The Devils That Have Come to Stay
It’s 1848 and gold fever isn’t the only pestilence racking California’s Sierra. Hillsides are ravaged for gleaming metal. Waters bubble with slime and bloating fish bellies. Children sicken, men prey on the weak, and only the most callous thrive. Tending bar in a shantytown is easier than mining, but the barkeep is struggling without his beloved wife Joanna. Months ago she took the stage home to tend her dying mother, but the old woman’s passing is slow and tortured.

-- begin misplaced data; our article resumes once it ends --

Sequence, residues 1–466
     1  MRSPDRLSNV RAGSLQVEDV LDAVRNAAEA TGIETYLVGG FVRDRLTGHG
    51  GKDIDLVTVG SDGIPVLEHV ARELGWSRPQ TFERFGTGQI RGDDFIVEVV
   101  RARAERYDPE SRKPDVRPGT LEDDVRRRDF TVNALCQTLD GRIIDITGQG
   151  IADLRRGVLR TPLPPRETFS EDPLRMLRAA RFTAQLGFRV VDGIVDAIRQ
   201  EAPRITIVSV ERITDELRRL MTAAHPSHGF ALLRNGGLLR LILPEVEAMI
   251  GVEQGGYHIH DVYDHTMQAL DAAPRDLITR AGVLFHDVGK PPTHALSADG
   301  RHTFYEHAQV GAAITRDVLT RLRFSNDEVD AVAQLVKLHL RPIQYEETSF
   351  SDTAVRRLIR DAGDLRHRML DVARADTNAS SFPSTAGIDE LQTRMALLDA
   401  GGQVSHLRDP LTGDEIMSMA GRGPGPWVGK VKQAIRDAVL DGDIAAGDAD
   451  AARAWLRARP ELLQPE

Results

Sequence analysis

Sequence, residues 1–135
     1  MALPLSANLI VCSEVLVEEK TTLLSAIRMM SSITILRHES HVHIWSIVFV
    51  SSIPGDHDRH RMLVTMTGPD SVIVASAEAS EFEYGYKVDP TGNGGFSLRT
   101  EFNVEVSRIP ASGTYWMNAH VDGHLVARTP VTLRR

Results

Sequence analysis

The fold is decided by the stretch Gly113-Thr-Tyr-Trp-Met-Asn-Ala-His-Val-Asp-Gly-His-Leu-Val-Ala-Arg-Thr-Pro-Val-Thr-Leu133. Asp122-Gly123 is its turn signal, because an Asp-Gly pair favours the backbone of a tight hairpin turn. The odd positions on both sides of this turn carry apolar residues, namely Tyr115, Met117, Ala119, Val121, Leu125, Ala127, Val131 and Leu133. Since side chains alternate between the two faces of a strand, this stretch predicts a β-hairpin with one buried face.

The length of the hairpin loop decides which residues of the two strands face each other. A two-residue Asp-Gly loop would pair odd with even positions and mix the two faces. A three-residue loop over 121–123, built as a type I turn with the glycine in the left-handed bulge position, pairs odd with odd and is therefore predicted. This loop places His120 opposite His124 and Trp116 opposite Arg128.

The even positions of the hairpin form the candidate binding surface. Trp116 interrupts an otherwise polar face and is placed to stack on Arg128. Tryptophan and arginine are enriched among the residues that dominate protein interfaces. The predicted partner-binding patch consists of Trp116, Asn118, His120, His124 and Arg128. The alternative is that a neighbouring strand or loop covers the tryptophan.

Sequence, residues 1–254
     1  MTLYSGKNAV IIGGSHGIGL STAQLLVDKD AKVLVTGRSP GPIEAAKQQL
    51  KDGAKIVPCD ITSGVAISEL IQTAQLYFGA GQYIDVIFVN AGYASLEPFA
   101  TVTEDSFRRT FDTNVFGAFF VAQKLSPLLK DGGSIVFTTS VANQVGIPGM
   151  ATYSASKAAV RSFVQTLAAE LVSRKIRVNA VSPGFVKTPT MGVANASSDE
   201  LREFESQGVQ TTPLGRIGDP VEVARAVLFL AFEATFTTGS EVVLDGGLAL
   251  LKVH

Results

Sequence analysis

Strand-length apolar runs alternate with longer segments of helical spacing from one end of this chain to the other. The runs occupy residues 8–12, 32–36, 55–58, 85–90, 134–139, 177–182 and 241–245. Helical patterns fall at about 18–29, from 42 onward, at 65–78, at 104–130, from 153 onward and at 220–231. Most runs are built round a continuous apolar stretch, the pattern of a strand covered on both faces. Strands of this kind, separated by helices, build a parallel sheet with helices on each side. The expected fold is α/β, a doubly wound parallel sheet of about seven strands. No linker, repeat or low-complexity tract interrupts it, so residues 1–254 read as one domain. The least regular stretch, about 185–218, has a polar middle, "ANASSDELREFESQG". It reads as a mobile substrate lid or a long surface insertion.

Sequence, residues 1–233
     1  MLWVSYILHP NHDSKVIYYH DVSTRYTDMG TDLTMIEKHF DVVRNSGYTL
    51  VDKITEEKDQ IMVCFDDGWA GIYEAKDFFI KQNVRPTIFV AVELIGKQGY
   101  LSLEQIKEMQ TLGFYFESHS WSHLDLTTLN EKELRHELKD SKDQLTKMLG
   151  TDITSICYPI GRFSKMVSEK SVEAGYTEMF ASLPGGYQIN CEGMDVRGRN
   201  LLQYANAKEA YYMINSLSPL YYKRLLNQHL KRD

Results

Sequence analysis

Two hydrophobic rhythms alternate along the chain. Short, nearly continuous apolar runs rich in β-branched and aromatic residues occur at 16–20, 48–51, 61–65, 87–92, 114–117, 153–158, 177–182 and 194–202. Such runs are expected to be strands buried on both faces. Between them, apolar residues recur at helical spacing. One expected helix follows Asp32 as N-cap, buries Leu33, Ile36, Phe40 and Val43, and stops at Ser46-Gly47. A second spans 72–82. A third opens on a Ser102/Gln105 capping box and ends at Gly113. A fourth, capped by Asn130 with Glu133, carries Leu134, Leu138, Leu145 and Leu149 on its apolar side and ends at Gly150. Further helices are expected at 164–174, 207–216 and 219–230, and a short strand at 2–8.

An Indian, disfigured by illness, comes in for whiskey, and feathers lie scattered below his stool when he leaves. Soon the bartender sees the Indian strewing gold like seeds; returning that which was stolen from the earth. When the ground swallows the nuggets, the bartender wonders if the world has become one with the ether. Nevertheless, when the Indian says he is walking to Sutter’s Mill, near Joanna’s home, the bartender goes with him.
Pamela Difrancesco’s The Devils That Have Come to Stay explores the nature of greed and brutality. Its witness is never named, leaving this reader feeling slightly unmoored. It’s appropriate, for the bartender can never trust what his eyes show him. Difrancesco’s acid Western is an intriguing combination of Jack London and Stephen King. It raises more questions than it answers, but it will keep you reading.